Contingent Income Auto Callable Securities: Don't Blur the Difference Between Equities and Fixed Income

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Another sign of a frothy equity market has arrived in the form of a new equity-based structured note format that is making its way across Wall Street, and allowing brokers to market high yielding sexy products tied to some of the names that have driven the equity markets to their current levels. Unless you have the ability and the knowledge to properly hedge the risk of these instruments, you should avoid them.

I recently got a call from a broker at a well-known investment bank who was excited to tell me that he finally had a new series of high yielding products to sell. The products - called a Contingent Income Auto Callable Security - pay a fixed rate of return for a fixed period provided that a given target equity trades at our above a target price and are each issued by an investment bank (such as Morgan Stanley or Royal Bank of Canada).

After looking at several prospectuses, the issue that struck me as most interesting was a one year Note (CUSIP: 48127E510) underwritten by Morgan Stanley against the equity of Yelp (NYSE: YELP). Yelp was trading at $90 a share on the March 19, 2014 issuance, and the terms of the issue are that it will pay a quarterly dividend amounting to 15.6% a year so long as Yelp is trading at more than 50% of its value at issuance on each quarterly measurement date (i.e., the Note pays 3.90% a quarter as long is Yelp is trading at or above $45 a share). The quarterly dividend is forgone if Yelp is trading below $45 on a quarterly measurement date. At the end of the 12-month period, you receive back your full principal provided Yelp is trading above that threshold level. If it is trading below, you receive back the equity that you would hold if you were to purchase the stock on the issuance date. In other words, if Yelp is trading below $45 on March 19, 2015, you recover some percent of your principal that is below 50% and equal to the stock price on that date divided by its March 19 price of 90.

While many will feel that the downside on Yelp is negligible, it should be noted that Yelp traded at $22 a year ago, and could be shut down in two seconds if Google were to adjust its search algorithm. It should also be noted that on March 20, 2014, the day after this Note’s issuance, the stock closed at $84, having fallen 8% already. On the other side, it could double or even triple over the next year as it did over the last year. And, if it does, you will have swapped all of that upside for a 15.6% return. In other words, you are giving up your upside for 15.6% and still taking on limitless downside exposure.

The dividend offering in the Yelp Note is much greater than those offered in the other similar Contingent Income Auto Callable Securities (most offer a 5-7% yield, which in some cases is only 2x the underlying stock’s dividend) and some have thresholds where the threshold for a loss of principal is only a 20% decline in the underlying equity. In other words, Yelp is the most compelling offer that I saw in terms of yield and arguably had the least risk to principal. The other issues therefore should certainly be avoided.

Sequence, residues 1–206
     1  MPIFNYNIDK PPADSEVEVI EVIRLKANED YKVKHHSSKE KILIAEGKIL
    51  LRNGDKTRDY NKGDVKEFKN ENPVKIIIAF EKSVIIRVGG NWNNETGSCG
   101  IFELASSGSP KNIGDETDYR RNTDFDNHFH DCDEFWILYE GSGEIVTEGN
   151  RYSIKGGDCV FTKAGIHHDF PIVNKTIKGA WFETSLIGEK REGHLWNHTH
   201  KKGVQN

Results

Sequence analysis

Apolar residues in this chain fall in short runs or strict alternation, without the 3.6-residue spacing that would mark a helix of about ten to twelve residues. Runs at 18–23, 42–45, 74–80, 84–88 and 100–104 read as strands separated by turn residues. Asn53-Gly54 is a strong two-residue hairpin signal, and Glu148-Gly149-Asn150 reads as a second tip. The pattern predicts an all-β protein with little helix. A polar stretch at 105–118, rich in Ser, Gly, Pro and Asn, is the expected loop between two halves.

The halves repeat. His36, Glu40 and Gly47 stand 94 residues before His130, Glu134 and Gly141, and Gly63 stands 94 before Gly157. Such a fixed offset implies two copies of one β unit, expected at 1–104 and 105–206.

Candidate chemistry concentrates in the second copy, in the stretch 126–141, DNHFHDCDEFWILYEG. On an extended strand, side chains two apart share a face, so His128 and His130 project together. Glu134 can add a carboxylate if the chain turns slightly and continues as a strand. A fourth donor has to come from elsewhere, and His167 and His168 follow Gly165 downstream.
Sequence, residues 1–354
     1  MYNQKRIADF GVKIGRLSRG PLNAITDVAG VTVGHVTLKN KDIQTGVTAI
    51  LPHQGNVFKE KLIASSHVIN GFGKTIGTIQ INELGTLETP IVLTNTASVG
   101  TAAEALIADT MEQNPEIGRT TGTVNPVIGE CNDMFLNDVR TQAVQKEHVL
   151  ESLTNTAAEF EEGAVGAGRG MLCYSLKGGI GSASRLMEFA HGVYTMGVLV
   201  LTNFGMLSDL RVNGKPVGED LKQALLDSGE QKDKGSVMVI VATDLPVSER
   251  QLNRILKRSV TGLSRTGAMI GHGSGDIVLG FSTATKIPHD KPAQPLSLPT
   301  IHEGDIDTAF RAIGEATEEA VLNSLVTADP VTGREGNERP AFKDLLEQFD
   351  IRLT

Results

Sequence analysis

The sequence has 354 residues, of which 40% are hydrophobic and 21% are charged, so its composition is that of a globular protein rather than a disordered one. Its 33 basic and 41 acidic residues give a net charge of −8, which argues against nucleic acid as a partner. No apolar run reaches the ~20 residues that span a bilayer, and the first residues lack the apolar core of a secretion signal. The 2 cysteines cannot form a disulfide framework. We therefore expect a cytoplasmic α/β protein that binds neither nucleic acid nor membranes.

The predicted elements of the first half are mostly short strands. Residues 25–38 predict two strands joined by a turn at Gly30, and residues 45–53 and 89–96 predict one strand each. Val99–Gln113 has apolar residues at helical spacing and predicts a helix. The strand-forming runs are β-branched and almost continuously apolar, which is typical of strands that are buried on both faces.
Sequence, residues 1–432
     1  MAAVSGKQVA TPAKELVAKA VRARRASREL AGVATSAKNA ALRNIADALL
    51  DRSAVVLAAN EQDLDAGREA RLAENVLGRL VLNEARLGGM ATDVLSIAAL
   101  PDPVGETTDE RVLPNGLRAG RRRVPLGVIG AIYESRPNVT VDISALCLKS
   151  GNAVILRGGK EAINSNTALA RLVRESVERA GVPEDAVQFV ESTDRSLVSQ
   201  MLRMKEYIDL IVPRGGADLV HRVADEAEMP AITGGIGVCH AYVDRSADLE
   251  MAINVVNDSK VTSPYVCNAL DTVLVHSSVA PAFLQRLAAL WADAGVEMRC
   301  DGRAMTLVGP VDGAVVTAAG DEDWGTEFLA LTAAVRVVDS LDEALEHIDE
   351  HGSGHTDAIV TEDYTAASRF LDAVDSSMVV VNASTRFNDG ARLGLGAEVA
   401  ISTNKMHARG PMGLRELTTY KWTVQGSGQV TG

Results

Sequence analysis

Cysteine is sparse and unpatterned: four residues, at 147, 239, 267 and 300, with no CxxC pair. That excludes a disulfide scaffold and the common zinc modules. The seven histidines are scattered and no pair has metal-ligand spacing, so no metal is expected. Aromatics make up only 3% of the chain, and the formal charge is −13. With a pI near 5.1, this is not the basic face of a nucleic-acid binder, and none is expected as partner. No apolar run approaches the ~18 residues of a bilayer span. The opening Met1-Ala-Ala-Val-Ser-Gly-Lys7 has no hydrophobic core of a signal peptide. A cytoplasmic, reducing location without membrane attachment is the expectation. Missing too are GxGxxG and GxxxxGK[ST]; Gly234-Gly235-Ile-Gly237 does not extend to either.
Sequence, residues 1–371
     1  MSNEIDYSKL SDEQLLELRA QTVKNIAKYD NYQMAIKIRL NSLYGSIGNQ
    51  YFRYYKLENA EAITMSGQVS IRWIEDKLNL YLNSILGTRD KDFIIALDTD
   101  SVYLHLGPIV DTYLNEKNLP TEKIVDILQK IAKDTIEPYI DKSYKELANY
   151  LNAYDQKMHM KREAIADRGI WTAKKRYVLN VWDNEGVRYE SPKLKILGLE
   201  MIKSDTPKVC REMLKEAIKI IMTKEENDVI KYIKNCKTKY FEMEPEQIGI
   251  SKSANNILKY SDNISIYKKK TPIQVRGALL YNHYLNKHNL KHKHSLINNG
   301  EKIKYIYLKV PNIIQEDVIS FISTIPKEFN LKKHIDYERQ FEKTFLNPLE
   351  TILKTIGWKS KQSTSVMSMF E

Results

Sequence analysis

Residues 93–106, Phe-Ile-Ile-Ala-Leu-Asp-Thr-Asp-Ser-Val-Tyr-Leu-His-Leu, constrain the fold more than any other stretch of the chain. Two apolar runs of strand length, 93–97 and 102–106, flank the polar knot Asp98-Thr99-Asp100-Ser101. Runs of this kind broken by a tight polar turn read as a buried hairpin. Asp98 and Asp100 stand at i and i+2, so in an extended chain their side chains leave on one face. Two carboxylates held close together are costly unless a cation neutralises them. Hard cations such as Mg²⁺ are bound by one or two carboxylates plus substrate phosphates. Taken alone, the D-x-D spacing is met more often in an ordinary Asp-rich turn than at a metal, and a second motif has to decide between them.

But, the Yelp issue too should be avoided. As you can see from the example, you have limitless downside, and because you don’t own the stock, you won’t be able to sell the stock or even hedge it easily if it should begin to fall. You are also giving up your upside in return for a fixed yield that, while attractive, is not commensurate with the risk to this highly volatile name. To boot, you are assuming credit risk of the issuing bank.

Bottom Line: Unless you are somehow running this trade as a hedge against a short position in Yelp or can somehow otherwise hedge a contingent income auto callable security, you should avoid it.

Full disclosure: The author has never had a position in Yelp, does not have a position, and is not recommending any position – long or short – in the stock.

Ari Socolow
Ari Socolow: Ari Socolow is the Chief Economist and Editor-in-Chief at BestCashCow. He is particularly interested in issues relating to bank transparency and the climate crisis. Since co-founding BestCashCow in 2005, Ari has been frequently cited in the media as an expert on local and national savings accounts, CD products, mortgage and loan products and credit card rewards products.


  • Sol

    March 20, 2014

    I agree. Not very attractive. You can lose everything in return for making at most 15.6%. Yelp is too volatile.

  • Don Larkin

    April 03, 2014

    The stock is at $71 after two weeks now. Seems inevitable that it is going to fall below $45 and once it gets close you can be sure that Morgan will make it fall. The Fed needs to investigate why Morgan Stanley's entire salesforce was pushing this crap on everyone last month.

  • JNT

    October 23, 2014

    I just came across the article. Wish I had never bought this issue or the Ford one that I am already underwater on. The 16% was too attractive to pass up but the stock is now at $56 and the 8% or 12% in dividends that I am going to get aren't going offset the losses if it below $5 in March 2015. Lots of sleepless nights between now and then.

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